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Novak Djokovic’s appeal is transferred to a higher court

Melbourne, Australia –

Novak Djokovic’s effort to play at the Australian Open despite not being vaccinated against COVID-19 was moved to higher court on Saturday as the No.1-ranked tennis player appealed the second cancellation of his visa.

Djokovic was not seen on the publicly available online stream for the 15-minute procedural hearing, which began just two days before he plays his first game of 2022 at Melbourne Park.

Judge David O’Callaghan ruled that lawyers representing Djokovic and the government should submit written arguments later on Saturday, and he has scheduled another hearing for Sunday morning.

Immigration Minister Alex Hawke blocked the 34-year-old Serb’s visa, which was initially revoked when he landed at Melbourne Airport last week. But he was reinstated by a judge on Monday on procedural grounds because Djokovic was not allowed to have a lawyer with him at the airport.

Deportation from Australia may result in a three-year re-entry ban, although this may be lifted, depending on the circumstances.

Djokovic admitted that his travel declaration was incorrect as it did not state that he had been to multiple countries in the two weeks prior to his arrival in Australia.

He has a record nine Australian Open titles, including the last three consecutive ones, part of his total of 20 Grand Slam championships. He is tied with Rafael Nadal and Roger Federer for most by a man in history.

In a social media post on Wednesday that was his most extensive public comments of the episode, Djokovic blamed his agent for checking the wrong box on the form, calling it “human error and certainly not deliberate.” .

In that same message, Djokovic said he had given an interview and a photo op with a French newspaper in Serbia despite knowing he had tested positive for COVID-19 two days earlier. Djokovic tried to use what he says was a positive test taken on December 16 to justify a medical exemption that would allow him to circumvent the vaccine requirement on the grounds that he already had COVID-19.

Hawke said he canceled the visa for “reasons of health and good order, on the grounds that it was in the public interest to do so.” His statement added that the government of Prime Minister Scott Morrison “is firmly committed to protecting Australia’s borders, particularly with regard to the COVID-19 pandemic.”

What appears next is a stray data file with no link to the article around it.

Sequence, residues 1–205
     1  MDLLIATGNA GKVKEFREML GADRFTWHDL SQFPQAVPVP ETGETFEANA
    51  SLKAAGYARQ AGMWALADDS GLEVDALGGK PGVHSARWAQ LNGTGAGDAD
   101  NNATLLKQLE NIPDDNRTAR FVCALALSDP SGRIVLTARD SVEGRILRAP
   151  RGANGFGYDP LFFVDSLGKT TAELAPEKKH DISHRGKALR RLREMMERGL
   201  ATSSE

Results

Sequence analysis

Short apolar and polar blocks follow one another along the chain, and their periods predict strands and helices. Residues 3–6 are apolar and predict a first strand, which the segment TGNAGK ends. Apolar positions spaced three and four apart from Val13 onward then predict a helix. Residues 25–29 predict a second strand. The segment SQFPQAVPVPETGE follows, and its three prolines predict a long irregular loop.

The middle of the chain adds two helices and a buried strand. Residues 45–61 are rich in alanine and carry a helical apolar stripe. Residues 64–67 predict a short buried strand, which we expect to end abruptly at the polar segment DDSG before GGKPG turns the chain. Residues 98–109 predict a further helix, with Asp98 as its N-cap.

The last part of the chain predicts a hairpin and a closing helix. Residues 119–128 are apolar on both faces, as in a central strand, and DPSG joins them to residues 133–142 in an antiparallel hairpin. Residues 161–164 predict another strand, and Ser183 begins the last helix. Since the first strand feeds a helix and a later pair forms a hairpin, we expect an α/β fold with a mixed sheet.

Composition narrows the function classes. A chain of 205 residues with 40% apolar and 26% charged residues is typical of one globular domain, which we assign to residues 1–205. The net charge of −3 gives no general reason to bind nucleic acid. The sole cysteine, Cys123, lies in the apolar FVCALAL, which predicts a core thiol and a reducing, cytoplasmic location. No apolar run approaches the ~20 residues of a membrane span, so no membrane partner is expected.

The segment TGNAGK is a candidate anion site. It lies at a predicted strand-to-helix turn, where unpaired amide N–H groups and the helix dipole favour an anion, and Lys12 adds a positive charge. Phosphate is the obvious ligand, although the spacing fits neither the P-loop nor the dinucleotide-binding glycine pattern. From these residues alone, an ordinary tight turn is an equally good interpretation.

The main thrust of Hawke’s appeal of the decision, according to the athlete’s attorneys, was that it was not based on the health risk Djokovic might pose by not being vaccinated, but on how it might be perceived by anti-vaxxers.

Morrison himself hailed Djokovic’s impending expulsion. The episode struck a chord in Australia, and particularly in the state of Victoria, where residents endured hundreds of days of lockdown at the height of the pandemic and adult vaccination rates exceed 90%.

Australia is facing a massive increase in virus cases caused by the highly transmissible variant of Omicron. The country reported 130,000 new cases on Friday, including nearly 35,000 in Victoria state. Although many infected people do not get as sick as in previous outbreaks, the outbreak continues to strain the health care system, with more than 4,400 people hospitalized. It has also disrupted workplaces and supply chains.

“This pandemic has been incredibly difficult for every Australian, but we have stood together and saved lives and livelihoods. … Australians have made many sacrifices during this pandemic, and they rightly expect that the outcome of those sacrifices is protected,” Morrison said. . “This is what the minister is doing by taking this step today.

His supporters in Serbia were appalled by the visa cancellations.

Everyone at the Australian Open – including players, their support teams and spectators – must be vaccinated. Djokovic is not vaccinated.

His exemption was approved by the Victorian state government and Tennis Australia, apparently allowing him to obtain a visa to travel. But Australian Border Force rejected the exemption and canceled his visa when he landed in the country on January 5.

Djokovic spent four nights in a migrant detention hotel before a judge overturned the decision. This decision allowed him to move freely around Australia and he trained daily at Melbourne Park.

“It’s not a good situation for anyone,” said Andy Murray, three-time Grand Slam champion and five-time runner-up at the Australian Open. “It just seems like it’s been dragging on for quite a long time now.”

Under Grand Slam rules, if Djokovic is forced to withdraw from the tournament before the order of play for Day 1 is announced, No. 5 seed Andrey Rublev would fill Djokovic’s place in the squad.

If Djokovic withdraws from the tournament after Monday’s schedule was released, he would be replaced on the pitch by what is known as a “lucky loser” – a player who loses in the qualifying tournament but enters the main draw due to the exit of another player before the competition has started.

And if Djokovic plays in one match – or more – and then is told that he can no longer participate in the tournament, his next opponent will simply advance to the next round and there will be no replacement.